60 per cent was the turnout in Delhi, the capital where most constituencies are known to be politically charged. The percentage was five points lower than 2014's.
The Stars Have Fallen
Can you be suspended for doing your job? Yes, and Rajeswar Shastri Musalgaonkar, head of astrology at Vikram University in Ujjain, will vouch for it. After consulting the stars, he predicted on Facebook a BJP victory with 300-plus seats for the NDA. A Congress leader, unimpressed with Shastri’s divine forecast, lodged a complaint, leading to his suspension from the university.
The MP All Phool's Day
It seems politicians in Bhopal have taken the song Baharon phool barsao to heart. After BJP candidate Pragya Thakur’s nomination against Digvijaya Singh, the demand for flowers has shot up. At dawn, party workers throng Sabji Mandi, and buy sackfuls of marigold and rose to shower on their leaders. One wonders whose ambitions these showers will pollinate.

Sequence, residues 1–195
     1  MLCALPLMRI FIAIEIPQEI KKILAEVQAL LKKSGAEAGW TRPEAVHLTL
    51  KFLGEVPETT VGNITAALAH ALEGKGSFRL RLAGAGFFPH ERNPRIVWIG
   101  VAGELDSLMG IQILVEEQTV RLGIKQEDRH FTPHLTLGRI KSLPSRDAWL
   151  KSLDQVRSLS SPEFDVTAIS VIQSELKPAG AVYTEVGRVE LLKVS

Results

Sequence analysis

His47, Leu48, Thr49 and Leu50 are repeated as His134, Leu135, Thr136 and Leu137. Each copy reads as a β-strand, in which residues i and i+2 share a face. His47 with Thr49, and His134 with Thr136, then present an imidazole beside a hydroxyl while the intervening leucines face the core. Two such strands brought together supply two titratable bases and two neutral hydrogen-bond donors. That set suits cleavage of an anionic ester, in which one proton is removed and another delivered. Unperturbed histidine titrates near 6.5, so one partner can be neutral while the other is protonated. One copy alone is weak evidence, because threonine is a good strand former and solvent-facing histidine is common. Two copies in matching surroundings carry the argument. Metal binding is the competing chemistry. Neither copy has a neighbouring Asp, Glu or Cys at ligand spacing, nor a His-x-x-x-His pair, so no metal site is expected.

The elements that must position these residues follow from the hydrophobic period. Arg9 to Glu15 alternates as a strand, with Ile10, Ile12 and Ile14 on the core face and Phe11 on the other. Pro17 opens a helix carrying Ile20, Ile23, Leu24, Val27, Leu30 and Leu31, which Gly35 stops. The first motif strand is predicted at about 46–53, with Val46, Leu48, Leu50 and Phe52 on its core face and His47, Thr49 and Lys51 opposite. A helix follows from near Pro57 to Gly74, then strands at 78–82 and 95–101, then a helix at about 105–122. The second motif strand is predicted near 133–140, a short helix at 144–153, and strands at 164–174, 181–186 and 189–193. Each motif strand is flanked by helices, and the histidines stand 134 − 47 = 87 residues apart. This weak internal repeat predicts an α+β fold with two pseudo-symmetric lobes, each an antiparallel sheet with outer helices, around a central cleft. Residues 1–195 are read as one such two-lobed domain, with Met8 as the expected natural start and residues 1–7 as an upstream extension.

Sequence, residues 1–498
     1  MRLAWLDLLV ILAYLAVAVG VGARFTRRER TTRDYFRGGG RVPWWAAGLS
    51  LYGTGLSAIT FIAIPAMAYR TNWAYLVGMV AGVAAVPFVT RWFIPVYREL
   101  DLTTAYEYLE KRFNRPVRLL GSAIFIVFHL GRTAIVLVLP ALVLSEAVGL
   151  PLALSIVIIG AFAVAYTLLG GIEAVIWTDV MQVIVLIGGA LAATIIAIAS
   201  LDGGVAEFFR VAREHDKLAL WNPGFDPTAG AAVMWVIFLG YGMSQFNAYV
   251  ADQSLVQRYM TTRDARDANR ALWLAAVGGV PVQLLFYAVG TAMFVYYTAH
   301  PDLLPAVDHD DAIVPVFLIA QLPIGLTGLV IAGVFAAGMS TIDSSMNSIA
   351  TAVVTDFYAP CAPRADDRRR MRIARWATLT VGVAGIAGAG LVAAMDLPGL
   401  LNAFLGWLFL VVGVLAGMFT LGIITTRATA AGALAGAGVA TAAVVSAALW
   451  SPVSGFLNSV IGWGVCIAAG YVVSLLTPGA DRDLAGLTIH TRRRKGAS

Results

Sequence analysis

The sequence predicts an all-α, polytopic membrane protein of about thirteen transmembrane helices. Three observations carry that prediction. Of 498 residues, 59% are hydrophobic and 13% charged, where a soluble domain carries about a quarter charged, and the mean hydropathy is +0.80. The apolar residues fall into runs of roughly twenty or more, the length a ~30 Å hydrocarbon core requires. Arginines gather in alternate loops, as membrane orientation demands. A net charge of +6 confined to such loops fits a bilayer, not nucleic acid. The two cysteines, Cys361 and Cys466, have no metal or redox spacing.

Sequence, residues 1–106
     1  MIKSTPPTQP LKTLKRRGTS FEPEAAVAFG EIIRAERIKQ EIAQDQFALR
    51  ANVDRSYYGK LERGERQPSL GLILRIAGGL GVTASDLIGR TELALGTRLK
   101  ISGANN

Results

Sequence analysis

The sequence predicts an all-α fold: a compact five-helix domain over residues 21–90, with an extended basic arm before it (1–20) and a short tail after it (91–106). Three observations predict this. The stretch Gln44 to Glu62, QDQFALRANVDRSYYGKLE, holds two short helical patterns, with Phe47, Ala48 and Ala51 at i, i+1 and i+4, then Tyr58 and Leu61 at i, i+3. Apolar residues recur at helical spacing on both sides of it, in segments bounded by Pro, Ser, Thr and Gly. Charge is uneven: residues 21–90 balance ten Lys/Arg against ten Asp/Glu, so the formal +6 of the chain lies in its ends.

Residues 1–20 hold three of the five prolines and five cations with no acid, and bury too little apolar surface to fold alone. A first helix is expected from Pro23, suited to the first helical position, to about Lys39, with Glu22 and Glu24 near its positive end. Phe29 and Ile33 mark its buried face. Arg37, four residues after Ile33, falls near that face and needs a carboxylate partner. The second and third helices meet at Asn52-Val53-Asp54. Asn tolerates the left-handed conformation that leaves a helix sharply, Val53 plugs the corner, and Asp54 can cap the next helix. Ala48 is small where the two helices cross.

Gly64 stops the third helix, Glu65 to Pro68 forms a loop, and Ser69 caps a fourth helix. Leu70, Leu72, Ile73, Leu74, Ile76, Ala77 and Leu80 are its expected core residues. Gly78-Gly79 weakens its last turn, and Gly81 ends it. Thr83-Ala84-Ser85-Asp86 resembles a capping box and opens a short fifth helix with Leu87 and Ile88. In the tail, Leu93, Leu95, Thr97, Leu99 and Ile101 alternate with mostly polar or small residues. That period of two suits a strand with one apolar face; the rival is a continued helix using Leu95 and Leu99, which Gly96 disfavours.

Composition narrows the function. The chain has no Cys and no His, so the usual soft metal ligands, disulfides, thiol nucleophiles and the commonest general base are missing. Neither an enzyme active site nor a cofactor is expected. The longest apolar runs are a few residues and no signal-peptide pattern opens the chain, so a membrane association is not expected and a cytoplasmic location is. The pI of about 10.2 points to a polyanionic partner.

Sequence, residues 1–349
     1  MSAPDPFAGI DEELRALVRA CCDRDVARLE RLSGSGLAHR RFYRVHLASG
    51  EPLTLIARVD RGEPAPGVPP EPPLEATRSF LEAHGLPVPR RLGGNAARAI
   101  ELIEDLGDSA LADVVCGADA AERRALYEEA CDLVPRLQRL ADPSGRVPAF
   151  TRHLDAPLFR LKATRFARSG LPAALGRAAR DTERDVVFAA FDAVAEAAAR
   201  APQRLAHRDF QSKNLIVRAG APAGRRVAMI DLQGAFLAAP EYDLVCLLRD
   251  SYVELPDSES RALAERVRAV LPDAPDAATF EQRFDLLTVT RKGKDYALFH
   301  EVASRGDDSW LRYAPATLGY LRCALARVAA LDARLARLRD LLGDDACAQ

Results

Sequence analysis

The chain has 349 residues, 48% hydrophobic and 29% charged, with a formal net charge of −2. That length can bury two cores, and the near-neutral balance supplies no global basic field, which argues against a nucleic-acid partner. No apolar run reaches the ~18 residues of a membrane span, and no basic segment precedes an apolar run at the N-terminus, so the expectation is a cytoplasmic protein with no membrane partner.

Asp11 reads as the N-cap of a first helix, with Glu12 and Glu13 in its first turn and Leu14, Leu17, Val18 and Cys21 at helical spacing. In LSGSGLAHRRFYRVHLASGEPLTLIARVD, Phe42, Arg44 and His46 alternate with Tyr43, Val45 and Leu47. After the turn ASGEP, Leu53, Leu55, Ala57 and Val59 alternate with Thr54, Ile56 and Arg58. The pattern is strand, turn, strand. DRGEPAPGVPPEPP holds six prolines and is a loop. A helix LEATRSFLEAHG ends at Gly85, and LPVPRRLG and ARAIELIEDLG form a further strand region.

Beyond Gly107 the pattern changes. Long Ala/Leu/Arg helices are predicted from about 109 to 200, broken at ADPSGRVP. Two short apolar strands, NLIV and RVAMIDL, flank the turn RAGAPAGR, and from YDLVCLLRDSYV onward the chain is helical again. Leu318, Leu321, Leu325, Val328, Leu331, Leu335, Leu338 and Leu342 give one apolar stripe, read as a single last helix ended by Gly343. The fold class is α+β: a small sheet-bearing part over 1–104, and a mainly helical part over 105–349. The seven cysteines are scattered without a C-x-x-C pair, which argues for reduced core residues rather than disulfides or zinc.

Narendra Modi doesn’t like to be called names. At a BJP rally in Haryana’s Kurukshetra, site of the mythical Mahabharata war, he fired his salvoes at the Congress listing the choicest epithets the grand old party allegedly used to describe him. The names, words and phrases from the Congress’s “dictionary of love” that the PM rolled off his tongue as examples included Hitler, Mussolini, Gaddafi, Dawood Ibrahim, Bhasmasur, pagal kutta (mad dog), bandar (monkey), chooha (rat), saanp (snake) and bichchoo (scorpion).
“I used a digital camera for the first time in 1987-88. Very few people had email back then. Advaniji had a meeting (in Gujarat). I took his picture and sent it to Delhi. The next day, a colour picture was printed. Advaniji was surprised."
PM Narendra Modi, in a TV interview
By The Tweeple
Pakistani radar doesn’t penetrate clouds. This is an important piece of tactical information that will be critical when planning future air strikes. https://t.co/OBHwEJfGSW— Omar Abdullah (@OmarAbdullah) May 11, 2019
The former J&K CM tweeted this in response to Prime Minister Narendra Modi's revealation that he had ordered the Balakot strikes despite bad weather as he believed that rain and clouds could help Indian Air Force jets escape Pakistan's radar network